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Chapter 9. Public Syndication > An Overview of RSS

An Overview of RSS

To understand RSS, you have to start with XML. XML stands for eXtensible Markup Language. In simplest terms, XML does for computers and software what HTML (Hypertext Markup Language) does for humans—it provides a common, standardized way to present information. When you look at an XML file, you’ll see something that looks a lot like an HTML file, with tags, descriptions, and text. The two look alike because they’re related, both derived from SGML, the Standard Generalized Markup Language that is the granddaddy of many current markup languages. What you’re seeing, though, is a description of data and how it’s arranged. XML is the language that more and more applications and control systems use to pass data between one another, but we’re most interested for its use in one type of application: RSS readers.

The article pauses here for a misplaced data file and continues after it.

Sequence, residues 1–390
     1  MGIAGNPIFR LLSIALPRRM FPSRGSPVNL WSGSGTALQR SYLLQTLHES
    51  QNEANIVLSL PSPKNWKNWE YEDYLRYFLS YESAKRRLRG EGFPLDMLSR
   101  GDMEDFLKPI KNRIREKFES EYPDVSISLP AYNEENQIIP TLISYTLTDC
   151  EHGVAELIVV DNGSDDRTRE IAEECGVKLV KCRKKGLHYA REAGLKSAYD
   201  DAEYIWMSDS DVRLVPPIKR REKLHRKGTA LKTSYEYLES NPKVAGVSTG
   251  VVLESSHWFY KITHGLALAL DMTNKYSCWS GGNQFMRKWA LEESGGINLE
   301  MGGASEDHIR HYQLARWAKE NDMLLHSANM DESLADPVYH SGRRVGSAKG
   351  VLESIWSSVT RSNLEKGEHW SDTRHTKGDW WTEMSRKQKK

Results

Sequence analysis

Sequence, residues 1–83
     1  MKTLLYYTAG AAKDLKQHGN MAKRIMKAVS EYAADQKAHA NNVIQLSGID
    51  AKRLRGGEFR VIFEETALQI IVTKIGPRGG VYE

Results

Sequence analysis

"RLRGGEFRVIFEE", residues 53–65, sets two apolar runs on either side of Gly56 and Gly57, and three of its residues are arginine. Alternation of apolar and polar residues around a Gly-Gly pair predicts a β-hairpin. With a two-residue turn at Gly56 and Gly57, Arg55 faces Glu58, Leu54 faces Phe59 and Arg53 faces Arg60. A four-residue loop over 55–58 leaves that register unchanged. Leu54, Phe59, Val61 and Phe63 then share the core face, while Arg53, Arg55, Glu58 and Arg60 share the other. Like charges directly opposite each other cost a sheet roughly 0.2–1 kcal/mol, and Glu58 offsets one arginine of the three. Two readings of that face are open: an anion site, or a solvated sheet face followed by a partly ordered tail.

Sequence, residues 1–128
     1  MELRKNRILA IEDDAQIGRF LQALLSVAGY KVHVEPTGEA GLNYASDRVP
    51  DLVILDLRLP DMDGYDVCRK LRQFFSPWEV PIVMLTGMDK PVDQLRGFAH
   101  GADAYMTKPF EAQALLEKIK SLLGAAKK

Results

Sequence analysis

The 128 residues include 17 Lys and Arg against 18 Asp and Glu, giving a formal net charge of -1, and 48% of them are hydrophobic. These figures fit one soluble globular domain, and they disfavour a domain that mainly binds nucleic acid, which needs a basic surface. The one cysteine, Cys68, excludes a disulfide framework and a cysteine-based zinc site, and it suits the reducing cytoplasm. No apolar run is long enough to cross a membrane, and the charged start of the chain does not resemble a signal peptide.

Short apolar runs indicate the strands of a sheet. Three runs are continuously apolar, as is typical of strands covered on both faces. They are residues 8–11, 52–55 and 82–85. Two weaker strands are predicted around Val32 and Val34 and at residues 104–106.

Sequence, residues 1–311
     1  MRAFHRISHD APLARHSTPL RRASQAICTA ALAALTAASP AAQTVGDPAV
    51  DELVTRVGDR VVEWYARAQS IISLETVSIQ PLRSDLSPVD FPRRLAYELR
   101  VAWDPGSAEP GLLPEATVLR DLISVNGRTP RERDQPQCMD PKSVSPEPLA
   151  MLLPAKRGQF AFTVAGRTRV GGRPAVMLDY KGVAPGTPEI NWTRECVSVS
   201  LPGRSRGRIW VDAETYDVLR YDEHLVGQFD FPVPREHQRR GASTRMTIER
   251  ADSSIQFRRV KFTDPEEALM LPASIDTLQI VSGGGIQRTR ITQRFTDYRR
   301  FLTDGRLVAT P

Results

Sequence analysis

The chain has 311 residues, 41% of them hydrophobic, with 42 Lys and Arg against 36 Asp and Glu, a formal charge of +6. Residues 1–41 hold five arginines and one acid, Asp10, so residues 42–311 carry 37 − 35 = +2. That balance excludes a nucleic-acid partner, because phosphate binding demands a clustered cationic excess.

Now, as you begin to think about building an RSS feed (“feed” is what the RSS and its related content is called), you should be aware that there are several versions of RSS floating around. There are several reasons for the multiple versions, but you don’t need to worry about them. You just need to know of two versions, and stick to one of them for your podcast.


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